With a passion for filmmaking that stands apart from the mainstream in the best way possible, Ashim Ahluwalia has told tales in a very special manner by way of his direction on both the silver and TV screens. A National Award winner best known for critically acclaimed and provocative works like Thin Air, Daddy and Miss Lovely, his latest directorial project is based on the Spanish global hit, Elite. Retitled Class for the Indian audience, this Netflix series has garnered praise and also opened discussion on the pressing issues that the youth of India face today. HELLO! chats with the man of the moment to find out more...
HELLO!: Your style of directing is unique, and you tell stories in a distinctive way. What would you say is your ‘trademark’?
Ashim Ahluwalia: “I’ve never fit into any particular space, so I guess I start by knowing there are no rules I need to follow. I just make things that don’t exist in the world yet, things I would like to watch through my perspective. What I feel like I can do is try and share that. I’m just glad others appreciate those things, as well. I need to learn something new from every project and make sure I don’t repeat myself. That’s about it!”
H!: Much like its Spanish installment, Class is made up of complex characters and hasn’t shied away from the caste and class systems in India, homosexuality and sexual content. How were you able to navigate these intricate elements for an audience that’s a little more conservative than the West?
AA: “I don’t think so much about the audience when I make something, as that would throw me off. For me, there’s no single audience. There are a million people with individual opinions who are all looking at it from where they’re standing. I need to trust my own intuition and make what I feel is genuine. Of course, Netflix would have stepped in if things looked too wild, and we would work around that. But they were mostly supportive of my vision for the show. I’m really happy about how open and evolved our audiences have been since its release. It really did take me by surprise.”
H!: Tell us about the casting process for Class. Many members of this production are fresh faces. Was that deliberate?
AA: “Yes, I was clear I didn’t want famous kids or anyone well known. Each person needed to be a discovery. I had done that earlier with Nawazuddin Siddiqui for Miss Lovely. It was his first lead role, and not many people knew him then; the unexpected casting really helped that character. I don’t think Class would have benefitted from famous faces as that would have brought the baggage of us knowing them from their other films or series. Now, they feel very close to their on-screen characters. A lot of credit goes to our casting directors, but mainly to my producing partner Niharika Singh, who has a great eye for cast that realistically fit this world.”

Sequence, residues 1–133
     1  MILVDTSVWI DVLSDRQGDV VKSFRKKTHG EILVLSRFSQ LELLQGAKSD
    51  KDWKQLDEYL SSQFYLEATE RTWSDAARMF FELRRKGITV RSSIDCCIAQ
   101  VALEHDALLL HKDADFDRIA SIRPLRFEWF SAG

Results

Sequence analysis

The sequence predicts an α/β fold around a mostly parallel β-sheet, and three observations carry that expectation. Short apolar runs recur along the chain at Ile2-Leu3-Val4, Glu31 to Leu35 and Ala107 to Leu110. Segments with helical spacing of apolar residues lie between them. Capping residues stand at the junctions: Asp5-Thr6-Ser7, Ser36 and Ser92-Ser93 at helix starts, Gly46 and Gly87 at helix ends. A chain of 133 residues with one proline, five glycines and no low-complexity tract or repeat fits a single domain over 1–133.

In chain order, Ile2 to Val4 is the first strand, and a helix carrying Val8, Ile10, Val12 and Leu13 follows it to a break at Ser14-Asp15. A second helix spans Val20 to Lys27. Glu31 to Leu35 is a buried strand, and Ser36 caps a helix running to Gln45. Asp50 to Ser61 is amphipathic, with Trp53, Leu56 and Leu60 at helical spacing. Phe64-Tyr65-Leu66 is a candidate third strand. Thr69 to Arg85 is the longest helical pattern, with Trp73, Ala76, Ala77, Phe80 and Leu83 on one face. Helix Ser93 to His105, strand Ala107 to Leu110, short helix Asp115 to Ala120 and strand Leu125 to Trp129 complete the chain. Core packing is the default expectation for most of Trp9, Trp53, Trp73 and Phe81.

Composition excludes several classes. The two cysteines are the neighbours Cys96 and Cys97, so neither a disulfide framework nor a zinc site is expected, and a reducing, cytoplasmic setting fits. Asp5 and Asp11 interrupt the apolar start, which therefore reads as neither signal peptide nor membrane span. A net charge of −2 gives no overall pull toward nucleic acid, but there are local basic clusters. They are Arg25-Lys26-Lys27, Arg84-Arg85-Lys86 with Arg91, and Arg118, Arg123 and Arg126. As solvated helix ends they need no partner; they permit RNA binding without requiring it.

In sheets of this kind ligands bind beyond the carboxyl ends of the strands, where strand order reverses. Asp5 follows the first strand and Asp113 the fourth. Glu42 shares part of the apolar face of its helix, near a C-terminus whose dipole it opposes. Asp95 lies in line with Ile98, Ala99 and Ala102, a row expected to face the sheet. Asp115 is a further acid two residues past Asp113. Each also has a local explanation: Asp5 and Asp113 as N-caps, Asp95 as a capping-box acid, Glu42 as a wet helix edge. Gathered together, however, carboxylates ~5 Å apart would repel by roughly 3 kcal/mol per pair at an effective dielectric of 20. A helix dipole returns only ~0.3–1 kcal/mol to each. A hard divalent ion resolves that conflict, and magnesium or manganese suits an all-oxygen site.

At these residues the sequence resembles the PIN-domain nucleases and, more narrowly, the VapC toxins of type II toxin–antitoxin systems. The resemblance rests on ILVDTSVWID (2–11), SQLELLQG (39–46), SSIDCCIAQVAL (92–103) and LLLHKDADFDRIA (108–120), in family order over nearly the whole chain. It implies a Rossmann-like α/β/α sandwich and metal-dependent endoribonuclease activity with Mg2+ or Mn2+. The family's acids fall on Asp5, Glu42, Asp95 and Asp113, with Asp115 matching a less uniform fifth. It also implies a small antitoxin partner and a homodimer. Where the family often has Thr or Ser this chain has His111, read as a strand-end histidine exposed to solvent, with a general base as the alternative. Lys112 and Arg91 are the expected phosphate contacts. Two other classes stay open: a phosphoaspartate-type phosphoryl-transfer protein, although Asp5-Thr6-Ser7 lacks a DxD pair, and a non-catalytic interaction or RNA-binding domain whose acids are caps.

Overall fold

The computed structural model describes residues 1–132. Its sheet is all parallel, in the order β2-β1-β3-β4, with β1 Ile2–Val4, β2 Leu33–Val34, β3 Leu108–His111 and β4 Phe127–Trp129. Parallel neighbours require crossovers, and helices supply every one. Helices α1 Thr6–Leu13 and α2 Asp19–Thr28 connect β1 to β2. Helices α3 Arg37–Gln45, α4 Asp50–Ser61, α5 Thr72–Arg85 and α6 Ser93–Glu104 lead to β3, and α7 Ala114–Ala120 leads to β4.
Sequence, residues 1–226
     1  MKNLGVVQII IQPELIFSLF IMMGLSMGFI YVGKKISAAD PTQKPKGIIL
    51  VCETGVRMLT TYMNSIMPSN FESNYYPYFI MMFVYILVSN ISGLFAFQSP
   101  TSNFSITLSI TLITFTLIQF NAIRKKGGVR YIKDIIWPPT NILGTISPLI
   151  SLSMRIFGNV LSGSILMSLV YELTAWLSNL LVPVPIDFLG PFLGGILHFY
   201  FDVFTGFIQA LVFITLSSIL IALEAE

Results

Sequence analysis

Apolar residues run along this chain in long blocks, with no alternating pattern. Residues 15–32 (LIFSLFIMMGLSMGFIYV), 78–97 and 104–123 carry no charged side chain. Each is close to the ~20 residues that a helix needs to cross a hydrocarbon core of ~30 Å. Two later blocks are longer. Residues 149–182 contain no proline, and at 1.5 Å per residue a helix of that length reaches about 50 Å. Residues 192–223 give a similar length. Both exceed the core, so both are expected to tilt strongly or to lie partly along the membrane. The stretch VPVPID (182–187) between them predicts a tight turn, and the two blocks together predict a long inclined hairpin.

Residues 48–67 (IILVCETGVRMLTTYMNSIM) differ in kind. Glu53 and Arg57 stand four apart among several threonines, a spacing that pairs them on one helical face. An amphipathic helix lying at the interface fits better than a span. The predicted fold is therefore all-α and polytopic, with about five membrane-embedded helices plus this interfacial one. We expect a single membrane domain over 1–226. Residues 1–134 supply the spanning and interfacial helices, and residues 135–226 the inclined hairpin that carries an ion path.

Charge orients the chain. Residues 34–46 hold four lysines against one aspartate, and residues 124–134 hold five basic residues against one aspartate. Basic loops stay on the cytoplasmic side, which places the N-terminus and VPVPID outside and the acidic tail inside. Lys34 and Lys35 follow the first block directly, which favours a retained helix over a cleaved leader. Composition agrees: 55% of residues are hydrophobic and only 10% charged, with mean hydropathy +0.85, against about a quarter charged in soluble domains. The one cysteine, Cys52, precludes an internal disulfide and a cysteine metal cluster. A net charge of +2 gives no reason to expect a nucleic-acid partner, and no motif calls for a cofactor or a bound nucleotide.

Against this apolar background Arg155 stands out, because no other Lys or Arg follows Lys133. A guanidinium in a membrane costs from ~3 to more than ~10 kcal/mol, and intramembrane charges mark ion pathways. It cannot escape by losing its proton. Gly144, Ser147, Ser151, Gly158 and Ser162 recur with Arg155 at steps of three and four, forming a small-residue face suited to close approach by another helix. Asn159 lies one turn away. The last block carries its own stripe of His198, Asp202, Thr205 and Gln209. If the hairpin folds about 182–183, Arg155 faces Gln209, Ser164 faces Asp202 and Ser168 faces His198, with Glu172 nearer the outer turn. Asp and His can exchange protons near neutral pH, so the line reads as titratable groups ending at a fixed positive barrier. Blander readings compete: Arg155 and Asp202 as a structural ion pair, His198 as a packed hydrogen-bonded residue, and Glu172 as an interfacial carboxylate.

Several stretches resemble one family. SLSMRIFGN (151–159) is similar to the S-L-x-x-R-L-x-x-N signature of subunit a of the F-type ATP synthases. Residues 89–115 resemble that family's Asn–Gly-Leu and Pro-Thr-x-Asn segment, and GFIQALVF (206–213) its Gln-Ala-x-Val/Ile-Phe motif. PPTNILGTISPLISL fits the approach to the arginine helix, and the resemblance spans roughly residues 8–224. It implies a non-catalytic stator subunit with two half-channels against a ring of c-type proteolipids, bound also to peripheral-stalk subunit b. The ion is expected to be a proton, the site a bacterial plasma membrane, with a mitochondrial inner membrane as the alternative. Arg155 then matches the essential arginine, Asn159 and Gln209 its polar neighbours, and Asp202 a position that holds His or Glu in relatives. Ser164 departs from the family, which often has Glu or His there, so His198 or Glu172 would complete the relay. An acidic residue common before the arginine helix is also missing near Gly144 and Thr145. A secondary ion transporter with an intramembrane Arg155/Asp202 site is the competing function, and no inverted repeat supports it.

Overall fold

H!: Each of them delivered fantastic performances. How did you bring out the best from the actors on set?
AA: “They were all pretty much non-actors when they started, which was quite difficult in the beginning. We held a lot of workshops with them before we shot, and I’d spend a lot of time with each one, getting into the backstories of their lives. Sometimes, it was like being a therapist, understanding what they could draw from their real lives to make the performances feel authentic. But each of them is really intelligent and perceptive, so they were able to understand the vision I had for them and the show, as well. They also had an intimacy coordinator on set to take them through the sexually charged scenes. We gave them a lot of time and were very patient, even when someone was having a bad day. In a sense, we did become an extended family of sorts, and that made everybody comfortable. They called me ‘Daddy’ on set, which was kind of funny but also true I guess. I did push the performances and kept the intensity up, but also made sure they got a lot of love and support.”
H!: Were there any challenges when adapting a series from an already widely watched, international hit? Viewers were bound to draw comparisons. Did that add to the pressure?
AA: “I knew it was a risky project, as Elite also runs on the same platform, and I had changed the entire tone of the show. It’s darker and more cinematic in form. I did expect some comparisons, but I saw those die down after the series dropped. Suddenly, it appeared like an altogether different beast with an entirely new audience. What made me happy is how the entire Elite fandom also embraced it globally, especially the psychologies and motivations of the characters, a lot of what was never explored in the original.”
H!: As a director, what would you never compromise on?
AA: “I don’t compromise on much, which is why I sometimes get labelled a difficult director. I’m pretty unexcited about most things I watch, and I’m even harder on myself. So I have to kind of live with this.”
H!: What drives you as a person?
AA: “Trying things I haven’t done before. Making films that are intense experiences that audiences might think about later. I like things that try and amaze us, wake us back up to life.”
H!: What’s next on your agenda? Will you be directing Season 2?
AA: “No, I won’t be doing Season 2 of Class. Personally, I feel like I’ve said my thing and have had a clear vision setting up this world. It’s now up to others to take the story forward. I’m currently committed to a few film projects, one which is an international film. It’s also set in the future, so it’s different from other things I’ve done. I have a few other projects in development, but I tend to take my time.
Photos: Rohan Shrestha; Creative Direction: Avantikka Kilachand; Styling: Anushree Sardesai & Richa Mehta; Assisted By: Janhvi Khatwani; Hair & Makeup: Pooja Chaurasia & Sandhya Aggarwal; Location Courtesy: Native Bombay
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